The design of an AWMS must consider measures to improve and protect water quality. Water bodies in close proximity to the waste source are more susceptible to contamination. Relocating a pasture to an area further from a stream is often the best solution in preventing degraded streambanks and animal waste from entering the stream. Because this is not always possible, such measures as fencing, controlled stream crossings, and regraded and revegetated streambanks can aid in minimizing transport of contaminants in runoff from directly entering the stream (fig. 8-8).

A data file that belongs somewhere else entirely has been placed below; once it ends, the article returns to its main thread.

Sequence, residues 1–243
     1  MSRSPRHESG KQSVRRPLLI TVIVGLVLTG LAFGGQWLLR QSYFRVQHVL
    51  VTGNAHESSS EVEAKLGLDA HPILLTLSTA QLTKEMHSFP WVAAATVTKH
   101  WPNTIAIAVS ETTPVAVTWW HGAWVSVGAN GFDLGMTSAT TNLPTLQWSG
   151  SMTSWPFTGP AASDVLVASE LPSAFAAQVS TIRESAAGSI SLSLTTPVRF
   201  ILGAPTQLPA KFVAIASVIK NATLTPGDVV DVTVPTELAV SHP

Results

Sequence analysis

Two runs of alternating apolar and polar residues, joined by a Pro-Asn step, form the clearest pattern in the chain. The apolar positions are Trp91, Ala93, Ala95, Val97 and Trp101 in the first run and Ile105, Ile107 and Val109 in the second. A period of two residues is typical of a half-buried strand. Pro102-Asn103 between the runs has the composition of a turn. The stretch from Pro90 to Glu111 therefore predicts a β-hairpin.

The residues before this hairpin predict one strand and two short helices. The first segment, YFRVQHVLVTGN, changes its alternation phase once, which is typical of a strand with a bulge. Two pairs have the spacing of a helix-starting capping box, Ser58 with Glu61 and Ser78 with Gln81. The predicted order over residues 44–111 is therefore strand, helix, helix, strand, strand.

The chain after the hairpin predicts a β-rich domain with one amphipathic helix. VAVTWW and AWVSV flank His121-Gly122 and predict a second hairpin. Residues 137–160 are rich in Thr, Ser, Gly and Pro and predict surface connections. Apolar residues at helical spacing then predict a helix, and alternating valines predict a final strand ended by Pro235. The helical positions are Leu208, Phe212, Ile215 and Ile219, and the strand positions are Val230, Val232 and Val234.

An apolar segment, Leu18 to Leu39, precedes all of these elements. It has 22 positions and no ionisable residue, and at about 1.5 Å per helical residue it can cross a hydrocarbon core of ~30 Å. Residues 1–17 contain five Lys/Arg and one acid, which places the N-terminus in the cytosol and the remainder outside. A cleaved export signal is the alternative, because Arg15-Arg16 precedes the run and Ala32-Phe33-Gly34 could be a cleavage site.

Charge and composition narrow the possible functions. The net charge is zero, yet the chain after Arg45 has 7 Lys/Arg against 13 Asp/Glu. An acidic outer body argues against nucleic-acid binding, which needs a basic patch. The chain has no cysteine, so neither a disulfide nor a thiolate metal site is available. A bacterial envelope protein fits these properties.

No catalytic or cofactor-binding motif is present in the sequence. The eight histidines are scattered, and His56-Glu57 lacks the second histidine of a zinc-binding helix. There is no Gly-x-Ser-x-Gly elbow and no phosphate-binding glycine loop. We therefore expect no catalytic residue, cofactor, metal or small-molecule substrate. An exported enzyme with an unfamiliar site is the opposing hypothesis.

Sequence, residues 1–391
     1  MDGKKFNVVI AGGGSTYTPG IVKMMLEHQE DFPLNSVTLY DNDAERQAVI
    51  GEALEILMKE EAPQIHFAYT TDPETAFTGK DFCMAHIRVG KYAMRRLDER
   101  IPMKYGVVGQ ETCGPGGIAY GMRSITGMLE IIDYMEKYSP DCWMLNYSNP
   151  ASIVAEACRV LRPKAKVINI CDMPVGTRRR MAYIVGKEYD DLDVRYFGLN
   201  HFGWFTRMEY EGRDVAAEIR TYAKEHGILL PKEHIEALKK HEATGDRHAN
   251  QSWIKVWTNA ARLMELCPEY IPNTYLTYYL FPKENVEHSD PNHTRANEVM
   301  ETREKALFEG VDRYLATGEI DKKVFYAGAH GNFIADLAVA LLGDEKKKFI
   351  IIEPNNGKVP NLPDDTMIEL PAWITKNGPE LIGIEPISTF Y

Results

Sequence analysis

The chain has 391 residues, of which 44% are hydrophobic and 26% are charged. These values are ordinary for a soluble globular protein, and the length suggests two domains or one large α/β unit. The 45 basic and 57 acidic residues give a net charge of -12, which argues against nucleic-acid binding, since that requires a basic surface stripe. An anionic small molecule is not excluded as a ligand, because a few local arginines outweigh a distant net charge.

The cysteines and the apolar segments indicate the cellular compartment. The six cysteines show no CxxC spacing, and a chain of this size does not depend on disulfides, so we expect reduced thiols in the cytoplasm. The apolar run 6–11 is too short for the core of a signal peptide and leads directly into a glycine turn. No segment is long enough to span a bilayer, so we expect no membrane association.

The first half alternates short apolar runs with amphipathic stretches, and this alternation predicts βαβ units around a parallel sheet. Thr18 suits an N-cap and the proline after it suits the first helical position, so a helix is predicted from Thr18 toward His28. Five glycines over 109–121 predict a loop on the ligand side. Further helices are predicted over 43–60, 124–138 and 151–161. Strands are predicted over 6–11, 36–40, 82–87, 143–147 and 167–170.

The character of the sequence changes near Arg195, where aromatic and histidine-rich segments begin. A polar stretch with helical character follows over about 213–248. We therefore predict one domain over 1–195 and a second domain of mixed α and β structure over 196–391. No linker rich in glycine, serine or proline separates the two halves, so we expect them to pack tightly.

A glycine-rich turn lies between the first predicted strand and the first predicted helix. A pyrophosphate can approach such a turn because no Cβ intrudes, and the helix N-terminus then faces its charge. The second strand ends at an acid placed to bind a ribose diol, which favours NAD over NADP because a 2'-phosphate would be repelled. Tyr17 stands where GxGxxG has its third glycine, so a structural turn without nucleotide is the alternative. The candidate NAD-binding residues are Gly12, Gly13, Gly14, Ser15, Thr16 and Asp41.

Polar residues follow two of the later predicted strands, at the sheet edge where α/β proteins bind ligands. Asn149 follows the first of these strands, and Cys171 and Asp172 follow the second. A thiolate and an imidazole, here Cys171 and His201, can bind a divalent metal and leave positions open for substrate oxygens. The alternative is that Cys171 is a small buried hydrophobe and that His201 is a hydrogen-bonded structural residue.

Developing a new AWMS or adding to an existing system often presents an opportunity to improve runoff management. The addition of diversions, roof gutters to separate precipitation from waste sources, paved feedlots or loafing areas, drainage swales, and filter strips helps to minimize muddy areas and contaminated runoff. Landform mounds constructed from excess excavated material can be used to convey runoff and save the cost of hauling excess material to a disposal site. Either excess or imported soil can be used to fill depressions and improve drainage. As addressed in chapter 6 of this handbook, vegetation can serve many functions including nutrient and sediment filtration, erosion control, moisture reduction, and temperature control.
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